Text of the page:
But if the person who you want to call isn’t part of your network, and doesn’t have your brand/model video conferencing system, what can you do ?
If you said “Go to Paris and leave your video conferencing troubles behind you,” it is understandable, but not the credited response. If you thought “Get a bridge!” you should read on and if you were thinking about a video conferencing bridge, rather than a 400 year old stone bridge, you get extra credit.
What is a video conferencing bridge ?
Like any other type of bridge, it connects point A to point B. Unlike a physical bridge, point A and point B need not be anywhere near each other for a video conferencing bridge to work, and typically they are made by different vendors, potentially for very different purposes. But if the systems meet a common standard, for today’s video calling systems that standard is H.323, a video bridge can be the medium that allows you to make the connection from VeaMea to Tandberg to Polycom in one call, seamlessly.
Video bridges are sometimes called video gateways, or H.323 gateways because they are the connection points between the internal network which is proprietary to each individual video teleconferencing (VTC) solution and the H.323 standard conversation among them.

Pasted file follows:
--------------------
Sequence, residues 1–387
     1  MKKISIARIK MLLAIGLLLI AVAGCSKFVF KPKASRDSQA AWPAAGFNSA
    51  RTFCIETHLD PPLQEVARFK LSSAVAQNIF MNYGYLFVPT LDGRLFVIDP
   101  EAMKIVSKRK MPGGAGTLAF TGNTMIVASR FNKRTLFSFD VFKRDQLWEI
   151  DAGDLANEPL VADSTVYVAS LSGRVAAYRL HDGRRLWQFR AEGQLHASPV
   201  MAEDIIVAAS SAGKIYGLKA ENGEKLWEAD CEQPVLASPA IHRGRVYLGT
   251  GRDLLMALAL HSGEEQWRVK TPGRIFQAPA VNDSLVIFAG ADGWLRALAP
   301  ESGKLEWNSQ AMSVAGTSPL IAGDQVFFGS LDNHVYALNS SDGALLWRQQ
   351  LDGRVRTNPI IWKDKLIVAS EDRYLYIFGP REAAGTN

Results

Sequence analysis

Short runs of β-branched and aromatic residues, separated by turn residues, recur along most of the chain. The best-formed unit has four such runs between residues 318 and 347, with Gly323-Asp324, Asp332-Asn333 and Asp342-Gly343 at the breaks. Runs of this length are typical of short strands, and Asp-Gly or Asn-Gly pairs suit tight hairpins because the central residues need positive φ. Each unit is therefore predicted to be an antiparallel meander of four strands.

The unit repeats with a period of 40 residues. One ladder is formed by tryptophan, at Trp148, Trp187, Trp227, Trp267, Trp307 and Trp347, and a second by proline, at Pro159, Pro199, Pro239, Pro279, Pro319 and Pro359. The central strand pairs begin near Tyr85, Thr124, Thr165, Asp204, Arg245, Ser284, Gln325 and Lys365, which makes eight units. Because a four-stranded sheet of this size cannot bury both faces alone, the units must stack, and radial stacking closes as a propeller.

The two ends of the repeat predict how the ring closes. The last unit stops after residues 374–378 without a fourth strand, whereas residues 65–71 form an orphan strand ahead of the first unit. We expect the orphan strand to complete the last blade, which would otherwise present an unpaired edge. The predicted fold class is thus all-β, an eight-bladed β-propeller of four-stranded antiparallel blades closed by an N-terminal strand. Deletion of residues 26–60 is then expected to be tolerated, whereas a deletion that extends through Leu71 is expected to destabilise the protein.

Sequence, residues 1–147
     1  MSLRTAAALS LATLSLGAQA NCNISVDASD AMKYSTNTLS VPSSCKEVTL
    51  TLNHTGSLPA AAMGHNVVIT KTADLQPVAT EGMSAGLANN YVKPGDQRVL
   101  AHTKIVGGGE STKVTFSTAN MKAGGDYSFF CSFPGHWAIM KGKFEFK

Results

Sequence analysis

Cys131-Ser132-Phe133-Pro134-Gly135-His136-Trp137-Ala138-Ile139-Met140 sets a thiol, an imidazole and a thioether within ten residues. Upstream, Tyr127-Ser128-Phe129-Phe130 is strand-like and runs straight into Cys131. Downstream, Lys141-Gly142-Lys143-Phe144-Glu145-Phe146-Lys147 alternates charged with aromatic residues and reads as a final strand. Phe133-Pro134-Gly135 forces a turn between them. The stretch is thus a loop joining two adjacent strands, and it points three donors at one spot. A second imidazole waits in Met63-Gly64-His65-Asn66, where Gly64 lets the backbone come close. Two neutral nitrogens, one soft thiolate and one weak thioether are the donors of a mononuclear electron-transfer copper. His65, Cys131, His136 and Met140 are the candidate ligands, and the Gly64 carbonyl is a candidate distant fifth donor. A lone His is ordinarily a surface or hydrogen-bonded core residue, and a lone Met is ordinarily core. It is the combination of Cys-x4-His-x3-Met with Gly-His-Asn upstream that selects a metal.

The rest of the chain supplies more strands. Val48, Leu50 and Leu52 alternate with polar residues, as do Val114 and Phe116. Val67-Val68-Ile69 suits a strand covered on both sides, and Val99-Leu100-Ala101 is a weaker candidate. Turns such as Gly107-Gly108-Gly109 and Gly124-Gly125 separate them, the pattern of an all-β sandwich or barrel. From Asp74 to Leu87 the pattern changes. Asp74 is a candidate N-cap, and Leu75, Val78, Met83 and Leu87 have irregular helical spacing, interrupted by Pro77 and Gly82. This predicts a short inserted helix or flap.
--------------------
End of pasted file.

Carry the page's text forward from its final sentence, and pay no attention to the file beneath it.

How does an H.323 Gateway work ? The mechanics are pretty simple:
* Identify the location of the “other” system
* Initiate a session using the “common language” of H.323
* Translate the common language to the video server/MCU within your network that speaks its own proprietary language
* Repeat until finished
* Close the session
Most vendors currently provides some sort of gateway/video bridge to enable communication with other H.323 devices. The challange is that they don’t always work. In fact, sometimes you can’t make a connection between a Tandberg and a Tandberg or a Polycom and a Polycom. Our experience has been that this often has more to do with network security architecture than the quality of the bridge/gateway, but it doesn’t make it any less frustrating or more productive as you watch the senior executive team swear and throw remote controls at the wall.
Some third party video bridging services are emerging, promising dial-in video bridging that is as easy as teleconference bridges. (If you have used one of these services, please comment below with your experiences).
Hopefully one day, like a telephone, VTC will be a simple utility that can interconnect from any point A to any point B and all you will need to know is the “number to call.”
For today however, I can only say that I know (for certain) of one video bridge that works, connecting to Polycom, Tandberg and more with just a click and an IP address.
Ask your VTC vendor about their bridging capabilities. If what they say it isn’t what you were hoping to hear, maybe we can help.